How to Monitor and Prevent Sample Carryover during Method Development

When running through the exhaustive process of method development, most of us put the majority of our focus on validation and how to complete our crazy validation checklists. Throughout this process, the last thing we want to see is some random hiccup in our workflow. But a whole validation without a hiccup is just wishful thinking, right? Whether your analytes are on back order or you have the misfortune of catastrophic instrument failure, we all experience some type of complication or mishap. One in particular, sample carryover, seems rather innocuous, but without some type of preventive action, it can really ruin a good method. Nonetheless, if you have preventative measures in place, this can be easily preventable.

For this post, I will talk about how to actively monitor and prevent carryover. First, what protocols or strategies can we have in place to detect the presence of sample carryover? The simplest, and often overlooked, is a blank injection. Always run a blank in your LC/MS set. Always. And multiple blanks are even better! It can be water, for reverse-phase, or your LC’s initial conditions – anything that doesn’t have your matrix or standards in it. While most of us run sets of samples, QC’s, and standards, we should also have our blanks strategically placed to detect any potential carryover. For example, when running my calibrators, I inject them from lowest to highest in concentration. Immediately following my highest calibrator, I place a blank. I also tend to have my first and last injections be blanks, with some interspersed where I suspect carryover could occur.

Next, let’s direct our attention to actively preventing carryover. The current venue of HPLC’s (or UHPLC’s) have vendor specific approaches to combating carryover.  Shimadzu has a good look at carryover here. If we look at the Shimadzu Nexera X2 UHPLC system, we have the ability to wash just about everything our sample or standards meet within the injection system. You can dip and back-flush the exterior of the needle or rinse the inside of it too. Is there a chance we need different solvents for different wash steps? Yep, they let you do that if necessary – up to four of them. However, without a good combination of solvents, even the best system will not help us avoid the inevitable. Since most of us inject compounds with highly variable polarities or “stickiness,” we need to cover the spectrum of analyte polarity. My go-to is 25:25:25:25 [v/v] methanol/acetonitrile/IPA/water with 1% formic acid. This strong wash system covers both protic and aprotic systems and verges on the non-polar with the IPA. I have also had success with 45:45:10 [v/v] acetonitrile/IPA/Acetone with 1% formic acid. With either of these as our strong wash solutions, we should be able to avoid injection carryover for our method. Now, you might ask, “why the acid”? For most of my runs, I analyze a lot basic compounds and they can adsorb to the metallic surfaces within the autosampler. So, to minimize this, I add the acid, which helps eliminate any ionic coordination between my basic compounds and the metal surfaces of the system, like the needle.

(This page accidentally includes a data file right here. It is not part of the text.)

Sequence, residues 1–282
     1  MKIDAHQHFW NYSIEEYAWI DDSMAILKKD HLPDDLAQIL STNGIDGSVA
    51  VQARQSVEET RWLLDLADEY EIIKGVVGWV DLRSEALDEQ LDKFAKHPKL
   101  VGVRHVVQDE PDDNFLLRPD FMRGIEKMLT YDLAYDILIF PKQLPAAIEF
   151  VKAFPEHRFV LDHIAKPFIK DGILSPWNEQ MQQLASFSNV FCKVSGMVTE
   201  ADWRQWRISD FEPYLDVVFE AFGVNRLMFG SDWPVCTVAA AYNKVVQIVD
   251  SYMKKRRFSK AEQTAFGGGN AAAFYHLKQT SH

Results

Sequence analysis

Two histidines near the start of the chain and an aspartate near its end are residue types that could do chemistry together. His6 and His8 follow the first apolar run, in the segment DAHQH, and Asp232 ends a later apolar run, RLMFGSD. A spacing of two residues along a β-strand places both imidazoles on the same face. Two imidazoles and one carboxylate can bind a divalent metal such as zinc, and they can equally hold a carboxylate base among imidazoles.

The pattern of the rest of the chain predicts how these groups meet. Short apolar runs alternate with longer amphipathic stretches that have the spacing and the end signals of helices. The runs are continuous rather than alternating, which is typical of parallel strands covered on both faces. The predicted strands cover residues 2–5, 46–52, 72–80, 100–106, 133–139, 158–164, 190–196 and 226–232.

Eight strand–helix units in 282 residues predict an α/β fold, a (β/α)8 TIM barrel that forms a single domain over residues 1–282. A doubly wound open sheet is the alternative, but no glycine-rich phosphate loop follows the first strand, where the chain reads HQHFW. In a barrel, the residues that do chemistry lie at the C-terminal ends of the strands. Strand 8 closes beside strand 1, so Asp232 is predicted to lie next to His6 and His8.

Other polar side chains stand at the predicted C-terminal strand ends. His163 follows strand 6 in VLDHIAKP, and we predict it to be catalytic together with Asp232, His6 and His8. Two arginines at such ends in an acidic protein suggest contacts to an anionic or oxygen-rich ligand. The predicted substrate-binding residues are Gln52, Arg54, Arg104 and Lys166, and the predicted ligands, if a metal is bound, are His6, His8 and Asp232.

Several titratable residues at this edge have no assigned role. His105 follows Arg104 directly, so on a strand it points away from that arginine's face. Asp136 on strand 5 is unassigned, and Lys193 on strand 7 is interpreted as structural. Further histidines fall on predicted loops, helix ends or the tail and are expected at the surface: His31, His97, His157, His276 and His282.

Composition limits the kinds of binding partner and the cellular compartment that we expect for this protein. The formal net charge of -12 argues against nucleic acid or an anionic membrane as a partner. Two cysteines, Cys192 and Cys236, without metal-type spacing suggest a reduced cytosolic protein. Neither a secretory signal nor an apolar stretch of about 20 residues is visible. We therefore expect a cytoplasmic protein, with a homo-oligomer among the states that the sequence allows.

Similarly, for hydrophobic or “sticky” compounds, I increase the amount of organic I add to the wash. Of course, we can always refine the ratios or substitute solvents to meet the needs of our method. For example, I have a panel of sixteen steroids in serum that I’m analyzing. I decided to go with some form of SPE to clean up the sample, to concentrate my steroids for analysis. Steroids are quite non-polar and are “late-eluters” on reverse-phase systems – most require their LC gradients to start around 40-60% organic. So, will the aforementioned wash systems work for me? No idea, so lets find out! First, I set up my wash solvent(s) and prep a blank composed of my initial gradient conditions. I run the blank followed by a no-matrix standard injection – this is a standard(s) prepped in the initial conditions of the LC gradient (I talked about no matrix standards in a previous blog post). It serves as our reference point for clean injection where zero interference’s are present. Next, I inject three blanks also comprised of my initial conditions. If I don’t see any of my steroid peaks in the injections when comparing it to the no-matrix injection, success! If peaks are present, then I need to know where these peaks are coming from. Since I haven’t injected any of our SPE extracted samples, (I just started method development) then I don’t have any reason to suspect the SPE or the matrix itself.

Therefore, I will first reexamine the wash system. A careful note on this: if the peak area steadily decreases with each injection then we need to alter the polarity of the wash as this indicates carryover. Increase the non-polar character of the solvent, to better match that of our analytes, and run the test again. If the peak area is steady after each blank injection, or even increasing, then we have contamination issues. Put simply, the analytes could have found a way into the LC system, either through solvent contamination or column contamination or something else. At this point, assume nothing is clean. Diagnosing contamination is quite a process and is a blog for another time.

Also, if you have a service contract, use it! There’s no sense in struggling to determine if it’s carryover or contamination on your own! If you don’t have a service contract, your life could get way more complicated…

Please post your tips in addressing carryover if they differ.

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